Suggestion: Think of other things to talk about apart from what happened on this or that show last night. You can stay up to date on current affairs without tuning in nightly by finding recent stories online. Talk about the weather, rumblings in the company, sports or hobbies you may have started since cutting out TV. Get to know people. Also, remember all that you got accomplished the night before when you may have otherwise been watching TV, that should make you feel a bit better.
4. You don’t have to make it an all or nothing effort. It’s tough to make a lifestyle change as drastic as cutting out TV, all in one go. The first couple of weeks can be quite frustrating until you find a benefit and a rhythm in life without TV.
Suggestion: Start small and make the change gradually. Maybe start with limiting the time you will sit in front of the TV to an hour each night. Limit yourself to watching only your favorite shows, no re-runs. You can even start with one or two nights a week when the TV is off completely. PVRs and TiVos are pretty common pieces of equipment in homes these days so use them. Record the shows you want to watch and watch them when it suits you.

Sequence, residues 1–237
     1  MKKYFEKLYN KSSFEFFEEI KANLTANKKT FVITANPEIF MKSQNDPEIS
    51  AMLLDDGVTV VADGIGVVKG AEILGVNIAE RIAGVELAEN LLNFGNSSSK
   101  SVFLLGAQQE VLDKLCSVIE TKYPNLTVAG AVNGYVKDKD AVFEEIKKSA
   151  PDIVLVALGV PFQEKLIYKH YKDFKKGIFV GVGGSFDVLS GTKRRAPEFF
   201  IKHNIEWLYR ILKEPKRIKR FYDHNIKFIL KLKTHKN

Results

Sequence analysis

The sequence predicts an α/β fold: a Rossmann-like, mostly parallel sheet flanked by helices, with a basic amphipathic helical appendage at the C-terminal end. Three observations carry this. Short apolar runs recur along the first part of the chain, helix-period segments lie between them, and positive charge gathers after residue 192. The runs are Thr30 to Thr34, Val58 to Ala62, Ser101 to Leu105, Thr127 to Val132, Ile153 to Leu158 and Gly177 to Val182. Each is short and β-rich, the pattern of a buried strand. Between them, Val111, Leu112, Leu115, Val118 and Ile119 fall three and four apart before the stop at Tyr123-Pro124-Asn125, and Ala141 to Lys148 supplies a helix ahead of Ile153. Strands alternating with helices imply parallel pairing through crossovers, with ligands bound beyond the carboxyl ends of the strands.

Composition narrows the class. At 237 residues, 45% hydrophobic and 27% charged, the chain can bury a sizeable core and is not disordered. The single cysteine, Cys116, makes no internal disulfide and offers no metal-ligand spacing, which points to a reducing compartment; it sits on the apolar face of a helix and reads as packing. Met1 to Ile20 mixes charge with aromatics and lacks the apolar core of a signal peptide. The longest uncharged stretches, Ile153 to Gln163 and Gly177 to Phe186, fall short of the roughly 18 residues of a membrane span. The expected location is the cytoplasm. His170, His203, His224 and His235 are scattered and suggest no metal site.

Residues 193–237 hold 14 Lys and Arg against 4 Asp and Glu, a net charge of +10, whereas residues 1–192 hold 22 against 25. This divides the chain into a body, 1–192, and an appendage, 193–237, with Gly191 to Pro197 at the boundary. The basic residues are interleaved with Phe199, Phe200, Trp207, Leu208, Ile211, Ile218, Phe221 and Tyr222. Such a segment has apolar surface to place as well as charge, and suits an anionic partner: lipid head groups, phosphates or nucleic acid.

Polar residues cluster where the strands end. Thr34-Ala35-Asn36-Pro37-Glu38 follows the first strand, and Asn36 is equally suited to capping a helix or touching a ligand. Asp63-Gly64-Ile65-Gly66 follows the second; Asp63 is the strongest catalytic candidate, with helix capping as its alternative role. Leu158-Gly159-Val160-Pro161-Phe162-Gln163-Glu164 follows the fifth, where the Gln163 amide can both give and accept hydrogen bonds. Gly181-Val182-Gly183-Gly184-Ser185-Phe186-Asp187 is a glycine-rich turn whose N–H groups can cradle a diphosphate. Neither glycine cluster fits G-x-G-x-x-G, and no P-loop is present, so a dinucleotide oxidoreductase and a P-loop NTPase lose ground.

5. You should know why you’re doing it. Like anything if you don’t have the right motivation this TV-less habit won’t last. Doing something because that’s what everyone else seems to be doing is not the right motivation.
Suggestion: Get a clear understanding as to why you are choosing to do this. Some reasons I choose to go without TV are:
- to get more stuff done that I actually need to get done
- spend more quality time with my kids and my husband instead of staring blankly at the TV
- teach my kids that they don’t need TV to be entertained they make up their own fun
- I have time to dream a little about the future
- I have a lot more time to learn new things which is a passion of mine
- I get outside more
Giving up TV is not for everyone but it works really well for us. If you’re up for a bit of an experiment I think you may be pleasantly surprised at what you gain by reducing your screen time. You’re young, you’re healthy reconsider giving up these years by being glued to the TV. Too soon you’ll be old, you may even lose your health – save the TV watching for then.
What do you think? Will you give this a try? Have you done this? If so, what advice would you give to those considering the switch?